by: Rowan Baylis [ ]
Background"The Kamov Ka-8 "Иркутянин", (Irkutyanin - from Irkutsk), was a diminutive Soviet helicopter that first flew in 1947.
It was a precursor of the Ka-10. The Ka-8 was a single-seat helicopter with a 27 hp M-76 engine, boosted to 45 hp by using alcohol for fuel." Source: Wikipedia
The KitNorth Star's kit of the Ka-8 must rank among the most unusual models I've seen, looking pretty straightforward on paper, but I suspect it has the potential to be a little devil to construct if you're not careful.
The sample kit arrive packed tightly in a resealable bag with a separate sheet of instructions. Inside, the parts are sealed in further bags and a couple of parts had come adrift in transit, but no harm was done. Note: this may not represent how it would be packaged for sale in shops, because there was no box or printed cardboard header in the style of other North Star models I've seen.
The Ka-8 comprises:
17 x grey resin parts
58 x etched brass parts
The casting is excellent in the sample kit, with no visible flaws or flash. The attachments to the casting blocks are well defined, so clean-up shouldn't be difficult. The main point to watch out for will be ensuring that all six rotor blades end up identical.
The etched parts arrive on two brass frets. The larger of the two includes the structural elements of the helicopter, which I imagine were constructed from tubing on the full-sized machine. So, the etched parts are inevitably a slight compromise, but I can't really see how else they could have been modelled in this scale and they should look fine under a coat of paint to round the edges a little.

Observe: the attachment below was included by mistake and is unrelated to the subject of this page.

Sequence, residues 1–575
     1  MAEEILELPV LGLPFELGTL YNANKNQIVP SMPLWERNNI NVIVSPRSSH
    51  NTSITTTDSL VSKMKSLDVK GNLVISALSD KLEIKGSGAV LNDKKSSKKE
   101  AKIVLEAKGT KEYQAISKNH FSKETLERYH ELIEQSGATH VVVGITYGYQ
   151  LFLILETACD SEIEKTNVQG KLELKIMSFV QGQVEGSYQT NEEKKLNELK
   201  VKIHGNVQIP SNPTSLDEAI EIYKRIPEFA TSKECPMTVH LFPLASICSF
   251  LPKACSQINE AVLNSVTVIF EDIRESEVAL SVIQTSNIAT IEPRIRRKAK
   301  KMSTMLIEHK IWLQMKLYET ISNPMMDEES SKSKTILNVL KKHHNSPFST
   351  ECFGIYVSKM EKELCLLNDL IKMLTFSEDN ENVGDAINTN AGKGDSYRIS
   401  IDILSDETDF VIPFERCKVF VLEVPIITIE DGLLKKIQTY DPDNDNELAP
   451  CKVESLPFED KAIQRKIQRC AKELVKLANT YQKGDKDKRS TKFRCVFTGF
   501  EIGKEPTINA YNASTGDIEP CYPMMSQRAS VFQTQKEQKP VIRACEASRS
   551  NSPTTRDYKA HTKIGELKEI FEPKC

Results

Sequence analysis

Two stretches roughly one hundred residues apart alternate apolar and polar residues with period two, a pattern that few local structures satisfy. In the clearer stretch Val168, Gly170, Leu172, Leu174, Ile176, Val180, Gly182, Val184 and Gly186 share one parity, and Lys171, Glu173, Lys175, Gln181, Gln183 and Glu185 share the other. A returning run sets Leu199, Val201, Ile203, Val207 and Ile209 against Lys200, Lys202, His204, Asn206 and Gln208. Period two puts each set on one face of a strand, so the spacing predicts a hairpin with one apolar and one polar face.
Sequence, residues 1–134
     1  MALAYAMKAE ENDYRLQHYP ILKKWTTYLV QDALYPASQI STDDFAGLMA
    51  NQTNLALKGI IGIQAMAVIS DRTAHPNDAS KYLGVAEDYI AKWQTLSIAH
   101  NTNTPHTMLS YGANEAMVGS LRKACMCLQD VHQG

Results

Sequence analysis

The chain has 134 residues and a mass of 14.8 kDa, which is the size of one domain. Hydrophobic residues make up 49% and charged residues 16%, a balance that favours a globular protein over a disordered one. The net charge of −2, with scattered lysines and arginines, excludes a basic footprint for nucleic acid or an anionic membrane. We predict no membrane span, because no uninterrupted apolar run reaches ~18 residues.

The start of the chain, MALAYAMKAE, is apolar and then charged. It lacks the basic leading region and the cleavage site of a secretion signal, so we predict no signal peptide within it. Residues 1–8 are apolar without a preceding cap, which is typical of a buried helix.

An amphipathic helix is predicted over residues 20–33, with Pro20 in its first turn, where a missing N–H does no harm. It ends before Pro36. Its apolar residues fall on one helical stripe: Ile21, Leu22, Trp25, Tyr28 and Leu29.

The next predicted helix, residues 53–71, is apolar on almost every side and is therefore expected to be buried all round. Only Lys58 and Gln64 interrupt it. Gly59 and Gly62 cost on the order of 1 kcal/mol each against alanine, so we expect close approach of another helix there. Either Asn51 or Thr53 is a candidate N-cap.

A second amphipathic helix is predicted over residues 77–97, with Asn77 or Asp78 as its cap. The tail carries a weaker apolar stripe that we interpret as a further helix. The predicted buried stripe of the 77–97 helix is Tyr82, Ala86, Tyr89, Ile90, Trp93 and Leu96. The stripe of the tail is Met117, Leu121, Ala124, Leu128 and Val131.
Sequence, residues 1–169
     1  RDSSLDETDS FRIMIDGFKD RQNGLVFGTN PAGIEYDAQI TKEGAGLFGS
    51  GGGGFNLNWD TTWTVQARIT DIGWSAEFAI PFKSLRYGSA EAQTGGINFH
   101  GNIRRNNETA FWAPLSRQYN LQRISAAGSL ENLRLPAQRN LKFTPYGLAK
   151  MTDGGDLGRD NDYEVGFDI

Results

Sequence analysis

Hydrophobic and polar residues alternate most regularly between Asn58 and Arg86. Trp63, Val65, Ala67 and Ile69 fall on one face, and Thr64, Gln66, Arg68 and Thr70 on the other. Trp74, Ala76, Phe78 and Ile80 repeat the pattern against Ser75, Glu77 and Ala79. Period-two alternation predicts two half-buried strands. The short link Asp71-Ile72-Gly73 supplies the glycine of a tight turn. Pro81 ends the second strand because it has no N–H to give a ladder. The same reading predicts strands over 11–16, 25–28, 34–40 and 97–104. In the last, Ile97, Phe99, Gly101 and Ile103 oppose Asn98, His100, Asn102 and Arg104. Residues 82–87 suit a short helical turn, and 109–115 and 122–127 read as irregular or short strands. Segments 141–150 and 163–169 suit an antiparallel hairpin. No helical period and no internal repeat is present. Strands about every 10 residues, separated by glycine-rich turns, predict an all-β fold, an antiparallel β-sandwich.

As you can imagine, a test fit is impractical in a review of a kit like this, so that will have to wait until I build the little beastie in due course. If you hadn't guessed already, this really is going to be a kit that's totally unsuitable for beginners - and I think will challenge experienced modellers. The vital thing will be folding the etched parts accurately and keeping everything square and true. It looks like itíll be one of those models where everything depends on everything else being correct, with no easy place to start - and with little or no leeway for error, the whole thing risks being cock-eyed if youíre not careful. Itíd definitely not a kit to rush.
In terms of what's provided, North Star look to have done a great job, with a beautifully detailed engine and transmission, and effective-looking floats. It's tempting to file slight flats on the bottom of these so that the finished model will sit with a little "weight".
Most sub-assemblies are a mix of resin and etched parts - and there's a fair amount of folding required on some pretty small metal pieces. For instance, the transmission is built up from around a dozen parts, and even the pilot's seat is in six pieces and must be folded to shape.
Instructions & DecalsNorth Star include a very nicely illustrated set of instructions that break construction down into 14 logical stages. The sequence makes sense and, for once, I'm likely to stick to the suggested way of doing things. Generic paint matches are given for the very simple colour scheme of grey and silver.
There's a neat little decal sheet with a choice of red or black markings. I've only ever found black and white photos of the Ka-8, and red and black can be notoriously difficult to tell apart depending on the type of film stock used (red can actually even appear white in some Soviet WW2-era photos), but in one photo the tail marking looks a little bit less dark than the deepest shadows, so Iíll go with red.
ConclusionNorth Star's looks a great little kit if you're after something distinctly "different". It's very temptingly priced at 21 Euros, and I don't think experienced modellers will be disappointed. As noted above, it will be a challenging build, but the resulting model will be an eye-catcher in any line-up of early helicopters.
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